When running your own business, you must know that a business will not succeed if you do not get revenue for the services/products sold. Similarly, as with accounting and bookkeeping (learn more here). Well, late payments are very disruptive to cash flow and reduce business productivity. But the problem of late payments sometimes is not always the client’s fault. It could be that late payments are due to your own mistakes in the billing process. Below we will discuss what mistakes should be avoided so that payments can be received by the company on time.
– mess up the invoice
This one seems clear, right? But small mistakes are often the number one reason why your invoices haven’t been paid. Be careful in correcting each invoice to make sure it’s correct. If you forget to change the old invoice number, for example, your client will likely enter it into their payment system and get a message that the payment has been paid. Your invoice must include a unique invoice number, accurate data, and a detailed account of what is being billed. You must also ensure that you have set invoice payment terms that are useful for the company’s cash flow and also fair for your customers or clients.
– Expect Immediate Payment
Did you pay the bill on the day you got it? Most businesses don’t. Most business clients will pay their bills by the due date. If this project is very large and requires high costs, it could be that the payment will be longer because the invoice may require several layers of approval before it can be processed.
Because of this, when you build a company budget, include leeway for invoicing payments that are out of order. Finally, make sure to include the due date on your invoice in addition to the requirements that must be met by the client regarding payment.
– Forgot to Send Invoices Regularly
In the early days of running a business, it looks like you will never forget to make an invoice. But as your business grows, sending out invoices can sometimes be a problem because there are too many things to deal with. When you send the final part of the project, you must also send an invoice. If you are working on a long-term project with a billing period, you must ensure that you have sent an invoice promptly.
If you delay sending invoices, you run the risk of confusing clients about billing and ignoring invoices or assuming they have been paid, and you send them in error. Using an accounting system that provides online invoicing, can help you avoid these expensive mistakes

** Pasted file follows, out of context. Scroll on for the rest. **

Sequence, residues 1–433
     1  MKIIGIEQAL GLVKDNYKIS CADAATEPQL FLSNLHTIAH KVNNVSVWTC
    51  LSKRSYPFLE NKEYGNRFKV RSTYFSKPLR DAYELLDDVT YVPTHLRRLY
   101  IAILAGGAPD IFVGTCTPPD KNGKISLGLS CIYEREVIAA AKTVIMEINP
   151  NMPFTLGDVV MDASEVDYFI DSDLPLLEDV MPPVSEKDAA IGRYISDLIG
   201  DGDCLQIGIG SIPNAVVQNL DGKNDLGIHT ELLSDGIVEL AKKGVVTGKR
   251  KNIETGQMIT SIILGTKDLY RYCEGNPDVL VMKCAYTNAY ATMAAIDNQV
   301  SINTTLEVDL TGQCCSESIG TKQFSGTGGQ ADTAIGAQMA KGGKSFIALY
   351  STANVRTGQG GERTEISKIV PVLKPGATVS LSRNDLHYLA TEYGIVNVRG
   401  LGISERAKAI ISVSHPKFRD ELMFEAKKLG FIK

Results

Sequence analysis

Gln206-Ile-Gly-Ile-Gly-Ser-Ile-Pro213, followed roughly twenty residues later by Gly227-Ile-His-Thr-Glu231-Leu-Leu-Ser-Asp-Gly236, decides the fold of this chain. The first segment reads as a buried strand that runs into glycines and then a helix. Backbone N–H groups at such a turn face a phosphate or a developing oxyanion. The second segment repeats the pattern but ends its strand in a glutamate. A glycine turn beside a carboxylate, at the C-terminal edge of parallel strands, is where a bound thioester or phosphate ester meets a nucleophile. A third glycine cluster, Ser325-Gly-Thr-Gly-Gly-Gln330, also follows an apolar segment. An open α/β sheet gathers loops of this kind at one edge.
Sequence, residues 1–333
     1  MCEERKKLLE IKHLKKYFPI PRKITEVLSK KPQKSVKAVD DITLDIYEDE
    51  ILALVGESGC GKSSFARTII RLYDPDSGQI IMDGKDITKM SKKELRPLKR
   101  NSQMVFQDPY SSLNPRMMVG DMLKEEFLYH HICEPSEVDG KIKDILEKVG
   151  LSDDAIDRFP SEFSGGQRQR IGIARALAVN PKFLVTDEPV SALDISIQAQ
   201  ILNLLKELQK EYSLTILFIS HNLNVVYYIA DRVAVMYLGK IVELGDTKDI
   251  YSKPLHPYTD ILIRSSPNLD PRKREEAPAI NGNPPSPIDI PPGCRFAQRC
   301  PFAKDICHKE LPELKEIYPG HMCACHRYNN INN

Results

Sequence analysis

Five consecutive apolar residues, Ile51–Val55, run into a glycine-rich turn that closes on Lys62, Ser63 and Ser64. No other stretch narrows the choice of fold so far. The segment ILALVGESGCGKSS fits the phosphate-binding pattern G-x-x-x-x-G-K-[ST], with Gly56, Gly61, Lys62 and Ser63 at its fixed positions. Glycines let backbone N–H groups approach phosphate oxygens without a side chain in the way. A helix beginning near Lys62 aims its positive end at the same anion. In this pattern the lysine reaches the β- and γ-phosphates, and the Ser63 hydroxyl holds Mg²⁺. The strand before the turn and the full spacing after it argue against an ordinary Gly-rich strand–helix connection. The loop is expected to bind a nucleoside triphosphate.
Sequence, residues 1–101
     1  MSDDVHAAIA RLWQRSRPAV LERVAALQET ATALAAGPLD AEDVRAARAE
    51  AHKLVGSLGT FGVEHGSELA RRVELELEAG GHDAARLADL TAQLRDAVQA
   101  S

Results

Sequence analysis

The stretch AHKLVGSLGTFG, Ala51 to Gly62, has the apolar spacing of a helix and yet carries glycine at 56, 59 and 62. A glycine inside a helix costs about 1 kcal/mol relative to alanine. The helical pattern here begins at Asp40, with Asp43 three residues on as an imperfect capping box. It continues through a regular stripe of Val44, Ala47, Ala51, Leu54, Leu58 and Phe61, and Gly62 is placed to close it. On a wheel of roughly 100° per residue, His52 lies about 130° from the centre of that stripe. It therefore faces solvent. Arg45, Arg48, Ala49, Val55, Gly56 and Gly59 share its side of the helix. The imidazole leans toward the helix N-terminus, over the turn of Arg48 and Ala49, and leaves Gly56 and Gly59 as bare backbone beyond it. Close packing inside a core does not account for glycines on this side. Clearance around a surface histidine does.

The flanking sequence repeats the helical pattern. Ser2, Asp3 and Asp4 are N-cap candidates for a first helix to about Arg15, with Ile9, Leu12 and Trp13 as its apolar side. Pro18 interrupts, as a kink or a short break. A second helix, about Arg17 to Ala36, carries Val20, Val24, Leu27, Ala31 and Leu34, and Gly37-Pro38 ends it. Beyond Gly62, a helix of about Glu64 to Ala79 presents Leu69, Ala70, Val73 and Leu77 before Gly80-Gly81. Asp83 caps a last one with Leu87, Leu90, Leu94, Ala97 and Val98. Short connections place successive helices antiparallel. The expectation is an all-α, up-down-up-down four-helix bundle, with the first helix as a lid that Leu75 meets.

– Not Making Invoices According to the Agreement
This usually happens when we handle long-term projects where sometimes the price of the goods we provide can increase or decrease according to market conditions, so it no longer matches the value of the price agreed at the beginning of the purchase contract. To avoid any misunderstanding from the client which results in reporting to the relevant legal parties, as well as the possibility of unpaid bills, it is better for the company to always inform clients about price changes.
During the project process, you must be very clear about how to work improvements or cost increases can occur. Be sure to inform the client both verbally and in writing, with updates to the contract or statement of work as needed. Ending in a long dispute over fees with clients is a surefire way to guarantee that your invoice payment will be late.
When you manage a business, you will have clients who may come from friends or family. This is certainly beneficial if you can run it professionally, especially when you have to send bills and receive payments.
You must always remember that they are clients before friends. Send bills on time, provide clear payment limits and establish the same payment system as your other clients. Maintaining professional relationships will keep expectations in line and help you get paid faster.
The five tips above may be just the beginning, if you avoid this mistake, you will have a better business relationship and make your invoice paid faster. Always remember that being a business owner means acting like another professional business owner.